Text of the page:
If none of the expressions are in *brackets* (also known as *parentheses*), then **multiplicative** (multiplication, division, modulus) operators will be evaluated before **additive** (addition, subtraction) operators.

# Converting between float and int

Converting from float to int or from int to float works slightly differently in C++. This is called **type-casting**. The syntax for doing type-casting is different from what you’ve seen so far.

```
// Convert float to int
float f = 4.2;
cout << (int) f << endl; // outputs 4
// Convert int to float
int x = 5;
int y = 2;
// Convert int x to float, then divide by y
cout << ((float) x) / y << endl; // outputs 2.5
cout << x / y << endl; // outputs 2 (integer division)
```

There’s no straight-forward reason why C++ chose to have such quirky syntax for different things. In most programming languages, both printing (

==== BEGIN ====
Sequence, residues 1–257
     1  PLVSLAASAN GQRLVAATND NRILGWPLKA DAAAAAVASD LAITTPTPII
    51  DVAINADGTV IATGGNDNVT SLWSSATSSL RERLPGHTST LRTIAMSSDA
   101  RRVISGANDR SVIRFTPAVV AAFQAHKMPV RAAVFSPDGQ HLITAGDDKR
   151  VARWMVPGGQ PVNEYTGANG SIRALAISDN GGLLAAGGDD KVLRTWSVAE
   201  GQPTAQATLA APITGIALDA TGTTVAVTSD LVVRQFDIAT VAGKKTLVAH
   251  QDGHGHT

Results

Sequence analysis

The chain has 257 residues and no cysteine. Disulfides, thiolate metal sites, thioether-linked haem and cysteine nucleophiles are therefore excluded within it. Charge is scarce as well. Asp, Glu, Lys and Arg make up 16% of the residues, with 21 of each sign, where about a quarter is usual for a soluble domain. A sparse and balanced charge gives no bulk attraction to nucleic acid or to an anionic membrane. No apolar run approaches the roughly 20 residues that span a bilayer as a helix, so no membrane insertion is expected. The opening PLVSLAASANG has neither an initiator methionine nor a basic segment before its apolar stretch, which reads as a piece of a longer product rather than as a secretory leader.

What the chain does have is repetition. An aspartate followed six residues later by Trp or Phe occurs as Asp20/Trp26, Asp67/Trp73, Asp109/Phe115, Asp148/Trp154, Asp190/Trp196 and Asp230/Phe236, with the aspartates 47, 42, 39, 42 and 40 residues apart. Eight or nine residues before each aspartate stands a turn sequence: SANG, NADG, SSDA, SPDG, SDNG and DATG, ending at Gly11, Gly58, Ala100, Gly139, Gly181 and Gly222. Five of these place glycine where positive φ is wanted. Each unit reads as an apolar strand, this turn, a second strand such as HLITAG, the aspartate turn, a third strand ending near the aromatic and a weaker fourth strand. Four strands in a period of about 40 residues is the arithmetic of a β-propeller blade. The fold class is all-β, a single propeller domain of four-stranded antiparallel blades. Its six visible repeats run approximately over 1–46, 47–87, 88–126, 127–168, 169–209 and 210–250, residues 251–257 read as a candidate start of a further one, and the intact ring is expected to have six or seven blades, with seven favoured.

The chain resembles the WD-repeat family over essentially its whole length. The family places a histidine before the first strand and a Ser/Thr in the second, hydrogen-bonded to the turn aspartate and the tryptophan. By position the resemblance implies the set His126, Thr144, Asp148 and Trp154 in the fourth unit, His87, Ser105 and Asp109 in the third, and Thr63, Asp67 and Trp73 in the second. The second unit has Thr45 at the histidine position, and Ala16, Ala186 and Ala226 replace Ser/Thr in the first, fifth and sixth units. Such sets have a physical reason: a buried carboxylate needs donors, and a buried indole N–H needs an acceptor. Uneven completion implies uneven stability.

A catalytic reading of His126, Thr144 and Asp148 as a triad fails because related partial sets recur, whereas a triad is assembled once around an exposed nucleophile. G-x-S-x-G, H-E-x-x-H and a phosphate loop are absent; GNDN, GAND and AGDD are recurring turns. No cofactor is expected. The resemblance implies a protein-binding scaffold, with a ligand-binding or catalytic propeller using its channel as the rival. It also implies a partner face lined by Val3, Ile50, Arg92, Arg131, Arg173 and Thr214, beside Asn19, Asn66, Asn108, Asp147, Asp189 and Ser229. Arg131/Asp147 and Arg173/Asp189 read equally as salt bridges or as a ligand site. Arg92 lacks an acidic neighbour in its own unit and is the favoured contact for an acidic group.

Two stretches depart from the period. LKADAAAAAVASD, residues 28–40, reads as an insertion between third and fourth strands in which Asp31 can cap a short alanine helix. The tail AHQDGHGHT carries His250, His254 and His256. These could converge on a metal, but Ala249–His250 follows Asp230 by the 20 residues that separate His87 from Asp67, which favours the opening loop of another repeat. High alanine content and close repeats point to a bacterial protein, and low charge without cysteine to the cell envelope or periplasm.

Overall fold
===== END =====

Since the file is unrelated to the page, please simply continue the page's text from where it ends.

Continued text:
`cout`

) and type-casting is all done using functions (like`to_string()`

).

# Other Data Types

To conclude this tutorial, we’d like to mention a couple of other data types in C++. You’ll see them in more detail later in the course.

## Characters

Character is a data type that holds one character such as `'A'`

, `'4'`

, or `'#'`

. A character is enclosed between **single quotes**, and the corresponding keyword is `char`

. For example:

`char test = 'S';`

## Booleans

Boolean variables only have two possible values: `true`

and `false`

. To declare a boolean variable, we use the keyword `bool`

.

```
bool online = false;
bool logged_in = true;
```

If a boolean is converted to an integer,

truebecomes 1 andfalsebecomes 0. If an integer is converted to a boolean, 0 becomesfalseand any other non-zero value becomestrue.

# Summary

OK, enough of numbers, and rest of the data-types. So far you’ve learned about:

**numbers, characters and booleans**– in C++ numbers are used for math, characters for a single character, and booleans for true/false values.**operators**– like`+`

and`*`

, combine values to produce a new one